Collected oocytes were cultured in P1 media (Irvine Scientific, Irvine, CA, USA) supplemented with 10% synthetic serum substitute (SSS) (Irvine Scientific) for 3 to 4 hours. In preparation for ICSI, cumulus and corona cells were removed from the oocyte and the cumulus complex using HTF media (Irvine Scientific) supplemented with 100 IU/mL hyaluronidase (Type VIII, Sigma Chemical Co., St. Louis, MO, USA). Following ICSI, oocytes were cultured in P1 media supplemented with 10% SSS for 18 hours. The zygotes obtained by this procedure were selected on the basis of their morphology and formation of nucleus which showed two pronuclei and second polar body then were cultured for a further 48 hours. Embryos remaining after embryo transfer were vitrified or sequentially cultured in G2 Medium (Vitrolife AB, Kungsbacka, Sweden) for three days until they developed into blastocysts then vitrified.

4. Vitrification of cleavage embryos and blastocysts

Vitrification of embryos and blastocysts was performed using two containers: a PNC vessel and a conventional 0.25 mL straw [3]. During conventional 0.25 mL straw vitrification, blastocysts were incubated in 10% glycerol in Dulbecco's phosphate buffered saline (DPBS, Gibco, Grans Island, NY, USA) for 5 minutes, transferred to 10% glycerol, 20% ethylene glycol (Sigma-Aldrich) in DPBS for 5 minutes and finally transferred to 25% glycerol, 25% ethylene glycol in DPBS for 1 minute. Blastocysts were then loaded as described by Schiewe et al. [13]. Briefly, the following components were placed in the following order into a 0.25 mL plastic straw: 6 cm column of 1 M sucrose in DPBS; 0.5 cm air space; 0.5 cm of vitrification solution (25% ethylene glycol, 25% glycerol, 0.5 M sucrose and 10% (v/v) SSS in DBPS); 0.5 cm air space; 1 cm of vitrification solution with embryos. The straw was then plunged into liquid nitrogen for storage (Fig. 1).
For the vitrification of cleavage embryos and blastocysts using PNC, embryos and blastocysts were incubated in 7.5% ethylene glycol, 7.5% DMSO (Sigma-Aldrich) and 10% (v/v) SSS in DBPS for 15 minutes and were then transferred to vitrification solution (15% ethylene glycol, 15% DMSO, 0.5 M sucrose in DPBS) for 1 minute. Briefly, the PNC container was constructed by heating the middle part of a standard 0.25 mL insemination straw, which was then molded to achieve an inner diameter of 0.1 mm and then cut at a 45° angle. Embryos and blastocysts were loaded onto the edge of the PNC in less than 1 µL of vitrification solution and were then covered with the remaining part of the straw. The PNC was then plunged into liquid nitrogen for storage. Period of vitrification of blastocysts using conventional 0.25 mL straw was from May 2000 to March 2005 and its of PNC method was from April 2005 to December 2011. One to three embryos or blastocysts were loaded into each container.

5. Warming of vitrified embryos

For the PNC protocol, embryos were warmed by holding the container with bare hands (33℃ to 34℃) for 5 seconds. For the traditional protocol, straws were warmed in a 22℃ water bath for 10 seconds. The post-warming steps were the same for both container types: the thawed embryos were sequentially transferred to a 1 M sucrose solution for 1 minutes (37℃), then to a 0.5 M sucrose solution for 3 minutes (25℃) and finally to 10% (v/v) SSS in PBS for 10 minutes (25℃). The survival of vitrified embryos following warming was evaluated on the basis of the re-expansion, transparency and shape of the cytoplasm after 18 to 24 hours.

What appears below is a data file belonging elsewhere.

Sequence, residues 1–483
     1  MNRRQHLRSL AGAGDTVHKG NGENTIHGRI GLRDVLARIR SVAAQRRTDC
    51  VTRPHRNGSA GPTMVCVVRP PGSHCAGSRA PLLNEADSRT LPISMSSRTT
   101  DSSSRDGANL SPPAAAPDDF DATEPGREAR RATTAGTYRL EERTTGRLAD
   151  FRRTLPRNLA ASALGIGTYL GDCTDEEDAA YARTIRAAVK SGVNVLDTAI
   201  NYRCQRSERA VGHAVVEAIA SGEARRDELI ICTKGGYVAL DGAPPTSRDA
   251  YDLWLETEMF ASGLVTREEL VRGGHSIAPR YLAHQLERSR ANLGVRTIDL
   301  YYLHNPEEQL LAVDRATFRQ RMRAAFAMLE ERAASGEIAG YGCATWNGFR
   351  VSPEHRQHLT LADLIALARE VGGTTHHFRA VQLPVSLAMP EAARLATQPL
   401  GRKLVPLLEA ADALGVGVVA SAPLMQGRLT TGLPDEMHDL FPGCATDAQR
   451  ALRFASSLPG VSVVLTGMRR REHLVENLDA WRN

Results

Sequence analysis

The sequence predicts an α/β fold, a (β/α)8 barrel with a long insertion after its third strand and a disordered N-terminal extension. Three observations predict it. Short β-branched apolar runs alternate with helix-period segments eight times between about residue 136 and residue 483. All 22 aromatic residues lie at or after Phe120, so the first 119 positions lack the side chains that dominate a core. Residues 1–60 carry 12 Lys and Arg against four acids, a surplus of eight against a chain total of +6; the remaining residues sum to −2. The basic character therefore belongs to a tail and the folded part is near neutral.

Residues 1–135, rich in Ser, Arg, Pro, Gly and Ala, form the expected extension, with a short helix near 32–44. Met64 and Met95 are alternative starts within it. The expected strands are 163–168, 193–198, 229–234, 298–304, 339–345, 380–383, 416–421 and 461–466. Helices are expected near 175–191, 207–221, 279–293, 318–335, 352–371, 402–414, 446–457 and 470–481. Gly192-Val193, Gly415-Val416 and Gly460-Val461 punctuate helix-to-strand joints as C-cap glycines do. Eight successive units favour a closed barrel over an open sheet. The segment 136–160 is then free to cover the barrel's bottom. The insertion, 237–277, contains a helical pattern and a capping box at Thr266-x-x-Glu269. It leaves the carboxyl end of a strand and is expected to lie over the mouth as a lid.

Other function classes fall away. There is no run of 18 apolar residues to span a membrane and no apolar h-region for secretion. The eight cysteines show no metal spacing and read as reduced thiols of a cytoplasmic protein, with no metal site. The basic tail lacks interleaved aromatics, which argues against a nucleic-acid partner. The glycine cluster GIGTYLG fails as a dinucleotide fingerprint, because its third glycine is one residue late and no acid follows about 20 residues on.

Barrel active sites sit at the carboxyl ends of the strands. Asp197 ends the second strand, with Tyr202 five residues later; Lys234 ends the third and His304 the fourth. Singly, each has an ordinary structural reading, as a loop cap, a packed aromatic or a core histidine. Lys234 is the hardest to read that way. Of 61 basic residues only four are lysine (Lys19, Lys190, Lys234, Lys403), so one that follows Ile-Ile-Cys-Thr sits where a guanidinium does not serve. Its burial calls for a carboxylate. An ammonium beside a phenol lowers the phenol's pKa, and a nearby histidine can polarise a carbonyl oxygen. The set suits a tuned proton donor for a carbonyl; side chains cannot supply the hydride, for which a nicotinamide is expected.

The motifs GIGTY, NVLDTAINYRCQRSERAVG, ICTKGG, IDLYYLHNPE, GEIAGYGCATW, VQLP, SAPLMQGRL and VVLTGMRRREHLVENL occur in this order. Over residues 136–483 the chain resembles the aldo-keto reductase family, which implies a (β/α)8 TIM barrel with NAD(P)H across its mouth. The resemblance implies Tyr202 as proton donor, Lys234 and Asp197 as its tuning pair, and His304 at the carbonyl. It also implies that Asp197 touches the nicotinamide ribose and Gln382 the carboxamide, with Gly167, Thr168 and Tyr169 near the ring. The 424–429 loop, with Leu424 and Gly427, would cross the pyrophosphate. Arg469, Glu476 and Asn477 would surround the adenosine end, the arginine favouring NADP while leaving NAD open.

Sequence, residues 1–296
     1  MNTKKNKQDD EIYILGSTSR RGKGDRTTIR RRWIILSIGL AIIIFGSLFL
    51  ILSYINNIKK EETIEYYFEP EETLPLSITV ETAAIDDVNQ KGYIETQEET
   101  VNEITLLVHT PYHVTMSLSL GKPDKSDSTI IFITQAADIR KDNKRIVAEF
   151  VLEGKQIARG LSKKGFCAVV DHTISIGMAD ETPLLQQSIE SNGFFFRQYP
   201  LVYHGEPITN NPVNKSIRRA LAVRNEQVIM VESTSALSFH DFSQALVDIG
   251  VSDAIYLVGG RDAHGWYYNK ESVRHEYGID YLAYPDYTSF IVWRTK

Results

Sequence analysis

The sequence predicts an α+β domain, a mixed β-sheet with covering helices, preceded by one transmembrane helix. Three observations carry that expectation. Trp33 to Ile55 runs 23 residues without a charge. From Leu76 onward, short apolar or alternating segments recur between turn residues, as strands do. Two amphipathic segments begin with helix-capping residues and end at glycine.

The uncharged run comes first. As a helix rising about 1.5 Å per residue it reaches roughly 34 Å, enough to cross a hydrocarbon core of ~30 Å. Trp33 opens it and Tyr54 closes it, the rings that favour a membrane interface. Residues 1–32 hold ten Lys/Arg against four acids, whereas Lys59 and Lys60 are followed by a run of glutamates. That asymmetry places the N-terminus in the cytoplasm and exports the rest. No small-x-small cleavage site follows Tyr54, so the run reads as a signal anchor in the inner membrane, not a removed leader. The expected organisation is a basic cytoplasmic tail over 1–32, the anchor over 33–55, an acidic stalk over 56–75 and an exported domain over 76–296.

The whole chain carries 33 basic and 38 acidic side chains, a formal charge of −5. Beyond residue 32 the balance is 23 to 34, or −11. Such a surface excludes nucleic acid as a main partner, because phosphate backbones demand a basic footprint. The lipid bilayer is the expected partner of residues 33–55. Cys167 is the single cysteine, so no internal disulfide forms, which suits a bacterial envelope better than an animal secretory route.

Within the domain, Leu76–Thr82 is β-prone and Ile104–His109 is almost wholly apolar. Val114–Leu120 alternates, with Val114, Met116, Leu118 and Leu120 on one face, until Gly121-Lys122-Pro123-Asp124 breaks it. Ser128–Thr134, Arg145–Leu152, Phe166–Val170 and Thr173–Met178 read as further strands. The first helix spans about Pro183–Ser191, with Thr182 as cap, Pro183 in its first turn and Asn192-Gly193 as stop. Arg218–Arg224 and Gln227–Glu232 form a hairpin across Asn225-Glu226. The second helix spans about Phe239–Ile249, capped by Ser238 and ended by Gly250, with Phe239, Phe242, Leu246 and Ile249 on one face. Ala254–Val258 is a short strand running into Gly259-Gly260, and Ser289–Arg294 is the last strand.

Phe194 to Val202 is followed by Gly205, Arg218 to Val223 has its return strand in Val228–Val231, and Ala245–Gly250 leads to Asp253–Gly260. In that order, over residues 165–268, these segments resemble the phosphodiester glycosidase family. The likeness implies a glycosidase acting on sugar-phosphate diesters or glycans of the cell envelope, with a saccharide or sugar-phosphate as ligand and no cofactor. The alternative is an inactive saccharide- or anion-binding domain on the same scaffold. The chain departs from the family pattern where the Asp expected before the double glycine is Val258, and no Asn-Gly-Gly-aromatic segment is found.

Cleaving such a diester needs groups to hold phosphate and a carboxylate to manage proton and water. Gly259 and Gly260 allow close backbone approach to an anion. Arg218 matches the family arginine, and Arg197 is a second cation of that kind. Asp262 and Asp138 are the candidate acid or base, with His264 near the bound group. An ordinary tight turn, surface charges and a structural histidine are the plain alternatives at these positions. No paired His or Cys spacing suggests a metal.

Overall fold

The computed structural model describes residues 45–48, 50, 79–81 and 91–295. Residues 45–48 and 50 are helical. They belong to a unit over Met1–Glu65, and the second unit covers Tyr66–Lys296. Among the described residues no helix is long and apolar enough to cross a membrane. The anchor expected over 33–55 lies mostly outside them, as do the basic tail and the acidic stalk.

6. AH with acidified medium

Cultured embryos underwent hatching in response to acidified medium delivered with a hatching micropipette after vitrification-warming procedures. AH was selectively performed on embryos with a poor prognosis (thick zona pellucida: >15 µm, a retarded developmental rate and excessive fragmentation), or which showed low response for controlled ovarian hyperstimulation and had previously failed two or more IVF attempts.
Egg-holding and AH micropipettes were obtained from Humagen Fertility Diagnostics, Inc. (Charlottesville, VA, USA). During AH, embryos were rinsed and placed onto 0.1 mL droplets of modified HTF Medium HEPES (Irvine Scientific) supplemented with 10% (v/v) SSS. Acidified Tyrode's solution (Irvine Scientific) was then used to generate an opening of approximately 10 to 15 µm in diameter in the zona pellucida as previously described [14]. Embryos were then rinsed and placed in an embryo transfer dish containing 50 µL droplets of G2 media.

7. Assessment of embryo survival and the success of embryo transfer and pregnancy

Approximately 17 to 18 hours after warming, the morphology and blastocoel expansion of embryos was assessed using a dissecting microscope. Only expanded blastocysts with an intact inner cell mass and trophectoderm and embryos which looked morphologically normal were judged to have survived. Female patients were administered transdermal E2 (Estrana, 0.4 mg/day; Hisamitsu, Tokyo, Japan) with GnRH agonists for preparation of the endometrium. Progesterone was administered (50 mg in oil, daily) when the endometrial thickness reached 8 mm. Two or three surviving blastocysts were transferred into uterus after 6 days of progesterone treatment and 3 to 5 cleaved embryos were transferred into the uterus after 4 days of progesterone treatment. Pregnancy was initially assessed by measuring serum hCG levels 14 days after embryo and blastocyst transfer. Clinical pregnancy was confirmed by the presence of fetal heart activity 30 days after embryo transfer using ultrasonography.